8. Pretty good seem to be able to do most now without electronic or thesaurus help, how different from when I started doing the crosswords and blogging.
    Thanks to 2Ks and Jay.

  9. The NZ weather had better buck it’s ideas up for our visit mid Feb.

    Another nice easy solve, three in a row.

    Thanks for review.

    1. We also hope for better weather by then, for our sake as well as yours.
      Tell us more about your plans for visiting NZ.

      1. Also hoping your weather improves as our friends depart from San Francisco tomorrow on their cruise arriving in Auckland on Feb 12 – don’t think they are expecting cold weather. Our South Florida winter is very pleasant right now, but was hotter than normal until recently.

  10. Got stuck on 1a which from hints turned out to be a word I didn’t know, but hey ho you should always learn a new word every day! Otherwise a very enjoyable puzzle.
    Favourites 18a and 27a.

    Thanks to Kiwis and Setter.

  11. Good hair day after yesterdays grey mist !
    No particular hold ups ,a well clued and enjoyable puzzle so a **/**** or me.
    Have heard of 1a, but can’t recall seeing it in print so needed the checking letters.
    I do like charades, and 18a was top draw- not a common word either.
    Not head of 25a meaning reputation, but no doubt it will be in some reference book.

  12. A good crossword from, as others have already said, the reliable Jay.
    My last two answers were 1a – suppose I might have heard of it but had forgotten – silly, not the most difficult to work out – and 3d which I just couldn’t see.
    4d came into my head in a flash of light which was lucky as I didn’t know I knew it – it’s funny how brains work sometimes.
    I didn’t know that 25a could mean reputation and was slow with 2d – no excuses there.
    Whenever I see ‘Man, say,’ in a clue like in 24a I always think it’s going to be something to do with the Isle of Man because I’ve been caught out so many times.
    I liked 14a and 9 and 20d. My favourite was 18a.
    With thanks to Jay and to the 2K’s.

  13. Glad Senf is starting the day toasting the bard, we Aquarians do things properly!! Good puzzle and review thank you. 1 across was a new one to me.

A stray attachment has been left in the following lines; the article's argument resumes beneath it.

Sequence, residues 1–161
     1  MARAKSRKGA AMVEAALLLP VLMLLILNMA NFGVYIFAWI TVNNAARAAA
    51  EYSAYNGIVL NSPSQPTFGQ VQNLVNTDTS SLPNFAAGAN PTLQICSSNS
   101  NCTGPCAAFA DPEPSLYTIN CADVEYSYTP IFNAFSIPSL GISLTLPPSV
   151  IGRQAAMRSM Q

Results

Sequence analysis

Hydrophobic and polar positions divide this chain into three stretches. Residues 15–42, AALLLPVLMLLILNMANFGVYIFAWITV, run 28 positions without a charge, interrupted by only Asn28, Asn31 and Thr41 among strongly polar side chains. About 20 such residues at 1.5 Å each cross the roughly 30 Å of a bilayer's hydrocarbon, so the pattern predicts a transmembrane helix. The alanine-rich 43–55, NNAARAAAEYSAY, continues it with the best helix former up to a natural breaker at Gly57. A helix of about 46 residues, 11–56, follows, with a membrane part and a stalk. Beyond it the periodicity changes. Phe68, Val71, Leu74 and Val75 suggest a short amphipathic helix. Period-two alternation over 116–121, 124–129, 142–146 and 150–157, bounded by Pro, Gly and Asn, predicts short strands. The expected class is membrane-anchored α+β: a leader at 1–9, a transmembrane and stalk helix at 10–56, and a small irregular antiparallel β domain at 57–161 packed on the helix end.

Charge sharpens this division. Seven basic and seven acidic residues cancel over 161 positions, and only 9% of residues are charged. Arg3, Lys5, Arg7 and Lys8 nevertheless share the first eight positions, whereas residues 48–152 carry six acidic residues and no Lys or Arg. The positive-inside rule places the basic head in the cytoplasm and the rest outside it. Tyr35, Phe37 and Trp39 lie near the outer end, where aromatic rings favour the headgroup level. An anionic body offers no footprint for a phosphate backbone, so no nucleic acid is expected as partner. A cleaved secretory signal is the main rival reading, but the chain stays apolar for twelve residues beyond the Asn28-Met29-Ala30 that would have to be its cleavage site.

1. The benefit of living six time zones away from GMT. By mixing time zones, I can make a day last 30 hours and, using that, I will have another toast later on.

  14. 14a last one in and I put highstanding in. Thanks for putting me right.
    I didn’t realise 1d was a proper word having only heard it used in the brilliant sitcom Game On.
    (The hint for 2d needs editing)
    Thanks all.

  15. Nice puzzle. Not over challenging. Hadn’t come across 1a before but was able to work it out and then confirm in the dictionary. I guess 1.5*/4*. I liked 14a and 24a the best.

  16. Lovely puzzle from Jay as usual and thanks to the 2K’s for the blog.
    See you all on Saturday and some of you on Friday night,

  17. An old-fashioned Jay puzzle where it was best to start with the downs. We only got five of the acrosses but then cracked eleven of the downs on first pass.

    **/**** from us. 14a was favourite and 18a and 7d on the podium.

    Ta mutchly to Jay and the Kiwis.

  18. Thats three easier puzzles in a row. Only 1ac gave any trouble but was soon put in its place. I doubt that I would have got 8d if I hadn’t sulked through so many episodes of Antiques Roadshow. Thanks to Jay for an entertaining puzzle and thank you Colin and Carol. The problem with finishing early has been that Saint Sharon set me on as kitchen boy chopping meat and veg for Cornish (Warwickshire) Pasties. Six litres of Damson Gin has been bottled and Marmalade production is either about to begin or be left until Friday. Who Knows.

    1. Omar – this may help, ‘bear’ (minus the ‘ing’) is in the entry for the answer (minus the ‘ing’) in the Small Red Book. I like the hint provided by the 2Ks but think of ‘tolerating’ or ‘resisting’ as additional synonyms of ‘bearing.’